City council approves 2013 operating budget

This year's property tax increase sits at 4.28% on the municipal side

  • Jan. 16, 2013 3:47 p.m.

After five days of deliberation, City council approved the 2013 operating budget with a recommended 4.28% tax increase. The operating budget totals $288.5 million.

“This was a tight budget year,” said Mayor Morris Flewwelling. “The economy is slowly recovering, and this budget made investments in core services like policing, which we know is a priority for the community.”

The City requires a 4.28% increase in the overall municipal tax revenue to implement the approved budget. The new tax rate will be set later this spring. The municipal tax rate will be combined with the education tax rate to help determine how much property tax residents will pay. An assessed property value is multiplied by the property tax rate to determine a resident’s property tax bill.

“The demand for municipal services is always high, and council had to make a number of difficult decisions to maintain the services and quality of life we all enjoy in the City,” said Flewwelling. “We know safety is a priority for the community, and the additional police officers included in this budget are a step towards increasing the safety of our community.”

Some of the key budget initiatives include the RCMP member fee agreement which was approved with one-time funding of $150,000 and ongoing funding of $1.02 million, the addition of four officers and two municipal employees in 2013 which will cost $533,025 this year and $177,675 in 2014.

Council also approved an additional four police officers, four supervisors and four municipal employees once administration and council complete the service level review with the Red Deer City RCMP which will cost $355,350 in 2013 and $1.06 million in 2014.

In both the capital and operating budgets, the investment in core services like roads and safety were a priority. Increased funding for snow and ice control, preventative road maintenance, and additional officers are investments that will add to the high quality of life Red Deerians enjoy, officials said.

The budget also includes a 4.5% increase for electricity. Provincial transmission costs are the biggest contributor to the 2013 electricity rate increases, and options were presented to council as part of the operating budget presentation to manage the collection of the increasing costs to access the provincial transmission system.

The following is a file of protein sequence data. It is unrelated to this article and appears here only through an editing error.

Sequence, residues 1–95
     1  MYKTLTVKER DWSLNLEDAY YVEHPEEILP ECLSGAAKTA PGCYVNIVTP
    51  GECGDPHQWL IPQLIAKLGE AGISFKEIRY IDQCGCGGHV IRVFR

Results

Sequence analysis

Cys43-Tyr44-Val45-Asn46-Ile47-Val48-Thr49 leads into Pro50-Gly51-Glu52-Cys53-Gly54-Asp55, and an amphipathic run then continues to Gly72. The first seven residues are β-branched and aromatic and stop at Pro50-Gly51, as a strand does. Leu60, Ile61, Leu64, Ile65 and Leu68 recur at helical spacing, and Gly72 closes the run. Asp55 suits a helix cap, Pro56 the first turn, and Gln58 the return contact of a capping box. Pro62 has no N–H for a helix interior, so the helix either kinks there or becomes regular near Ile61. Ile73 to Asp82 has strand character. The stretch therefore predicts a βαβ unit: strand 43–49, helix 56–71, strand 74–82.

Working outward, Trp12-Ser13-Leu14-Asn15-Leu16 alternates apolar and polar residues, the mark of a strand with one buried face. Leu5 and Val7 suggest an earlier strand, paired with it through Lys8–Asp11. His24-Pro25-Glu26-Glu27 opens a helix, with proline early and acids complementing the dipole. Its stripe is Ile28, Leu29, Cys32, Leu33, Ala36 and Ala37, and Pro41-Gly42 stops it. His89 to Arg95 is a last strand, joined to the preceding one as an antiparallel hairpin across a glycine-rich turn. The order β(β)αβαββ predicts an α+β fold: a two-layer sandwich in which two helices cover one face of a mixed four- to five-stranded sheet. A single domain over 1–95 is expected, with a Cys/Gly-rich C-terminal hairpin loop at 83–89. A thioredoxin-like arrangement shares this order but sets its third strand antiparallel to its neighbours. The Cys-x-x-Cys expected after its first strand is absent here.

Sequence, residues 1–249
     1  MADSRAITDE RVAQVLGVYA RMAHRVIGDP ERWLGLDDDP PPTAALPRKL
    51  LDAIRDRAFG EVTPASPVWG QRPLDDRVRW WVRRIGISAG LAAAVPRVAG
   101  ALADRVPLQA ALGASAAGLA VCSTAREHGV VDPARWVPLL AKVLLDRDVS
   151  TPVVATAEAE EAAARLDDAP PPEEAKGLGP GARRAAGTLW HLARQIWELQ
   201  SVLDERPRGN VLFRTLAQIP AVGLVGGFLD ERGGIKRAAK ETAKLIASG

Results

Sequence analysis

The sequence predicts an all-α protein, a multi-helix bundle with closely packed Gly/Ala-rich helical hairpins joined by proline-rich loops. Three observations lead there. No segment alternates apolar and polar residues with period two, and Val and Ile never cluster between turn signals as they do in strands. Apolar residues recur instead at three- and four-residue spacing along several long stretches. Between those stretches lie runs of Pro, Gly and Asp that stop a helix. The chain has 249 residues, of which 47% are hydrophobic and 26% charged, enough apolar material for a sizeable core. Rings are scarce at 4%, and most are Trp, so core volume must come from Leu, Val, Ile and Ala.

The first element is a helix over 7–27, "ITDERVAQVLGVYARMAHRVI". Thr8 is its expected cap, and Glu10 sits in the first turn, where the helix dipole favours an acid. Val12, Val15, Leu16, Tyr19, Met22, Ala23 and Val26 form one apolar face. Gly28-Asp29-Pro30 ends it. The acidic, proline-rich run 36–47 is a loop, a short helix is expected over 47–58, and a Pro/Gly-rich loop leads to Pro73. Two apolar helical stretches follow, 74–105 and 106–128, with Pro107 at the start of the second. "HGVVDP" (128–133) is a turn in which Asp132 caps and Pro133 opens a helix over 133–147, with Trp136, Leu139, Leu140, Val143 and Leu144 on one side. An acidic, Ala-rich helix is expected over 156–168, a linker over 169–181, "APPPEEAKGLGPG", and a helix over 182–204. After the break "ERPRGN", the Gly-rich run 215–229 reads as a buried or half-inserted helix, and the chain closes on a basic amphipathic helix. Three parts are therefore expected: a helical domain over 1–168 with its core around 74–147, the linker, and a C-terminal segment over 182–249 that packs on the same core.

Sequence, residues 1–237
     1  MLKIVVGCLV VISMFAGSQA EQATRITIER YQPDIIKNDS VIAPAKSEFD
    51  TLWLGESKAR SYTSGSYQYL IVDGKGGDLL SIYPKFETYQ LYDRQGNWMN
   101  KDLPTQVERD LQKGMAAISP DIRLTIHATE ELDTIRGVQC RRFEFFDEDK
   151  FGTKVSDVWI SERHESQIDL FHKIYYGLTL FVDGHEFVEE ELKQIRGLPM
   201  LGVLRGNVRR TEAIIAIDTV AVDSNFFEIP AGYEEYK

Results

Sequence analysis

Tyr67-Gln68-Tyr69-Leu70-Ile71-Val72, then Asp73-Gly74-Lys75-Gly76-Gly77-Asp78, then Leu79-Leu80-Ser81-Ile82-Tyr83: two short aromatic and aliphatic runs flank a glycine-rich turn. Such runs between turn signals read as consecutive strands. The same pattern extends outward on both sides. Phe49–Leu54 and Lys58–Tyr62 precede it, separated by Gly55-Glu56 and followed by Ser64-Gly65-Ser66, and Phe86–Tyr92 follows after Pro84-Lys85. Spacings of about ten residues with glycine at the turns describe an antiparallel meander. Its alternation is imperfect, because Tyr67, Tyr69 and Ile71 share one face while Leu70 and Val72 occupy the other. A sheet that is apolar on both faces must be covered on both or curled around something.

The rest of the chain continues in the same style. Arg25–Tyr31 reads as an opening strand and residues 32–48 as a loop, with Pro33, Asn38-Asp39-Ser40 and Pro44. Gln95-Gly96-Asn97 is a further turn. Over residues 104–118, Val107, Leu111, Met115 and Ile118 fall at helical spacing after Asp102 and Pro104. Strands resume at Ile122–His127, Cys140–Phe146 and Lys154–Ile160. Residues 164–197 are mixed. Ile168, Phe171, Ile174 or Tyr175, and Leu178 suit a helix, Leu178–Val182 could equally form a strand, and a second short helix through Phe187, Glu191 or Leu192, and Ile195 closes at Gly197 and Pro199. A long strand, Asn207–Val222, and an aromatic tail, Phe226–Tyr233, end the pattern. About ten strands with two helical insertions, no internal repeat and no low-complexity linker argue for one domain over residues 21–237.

For water, wastewater, recycling and garbage pick-up, the typical monthly cost for a residential customer will be approximately $98 per month, or about $3.25 a day. This is about a 4.4% increase from 2012, which is competitive when compared to other municipalities in Alberta.

“This year’s budget represents the core services and service levels that residents have come to expect from the City,” said Craig Curtis, City manager. “The additions of officers, and the investments we made in the capital budget for roads, and snow and ice control, are priorities for the community, and this budget reflects those priorities.”

Most councillors were satisfied with the end result of the budget.

“Overall this has been the best budget I have been involved in. I think it’s a responsible budget with a balanced approach,” said Councillor Cindy Jefferies. “I think this is about doing what Red Deerians want us to do.”

Councillor Tara Veer said she had hoped the tax increase would have been lower.

“I hoped that we had landed in more of the three per cent tax range to reflect more of a cost of living adjustment. I think generally speaking this is one of the most cautious budgets that we have seen,” she said.

Councillor Chris Stephan did not support the 2013 operating budget.

“I think the policing is good news and I think it’s something the community will respond well too. With the carry forwards, I can handle certain things but we are pushing those onto the next council and taxpayers next year,” he said. “I think the major barrier for me is the settlements with the unions. I don’t think those have been fair to taxpayers in the last three years. I hope we continue to work towards keeping our debt low and work within our means.”

In addition, Flewwelling said he was happy to have completed his 21st budget since becoming involved with council.

“I think we have a very strong council – the strongest I’ve seen in my 21 years of being on council and as mayor. No council has been more well-prepared and clear thinking and it really has been a pleasure.”

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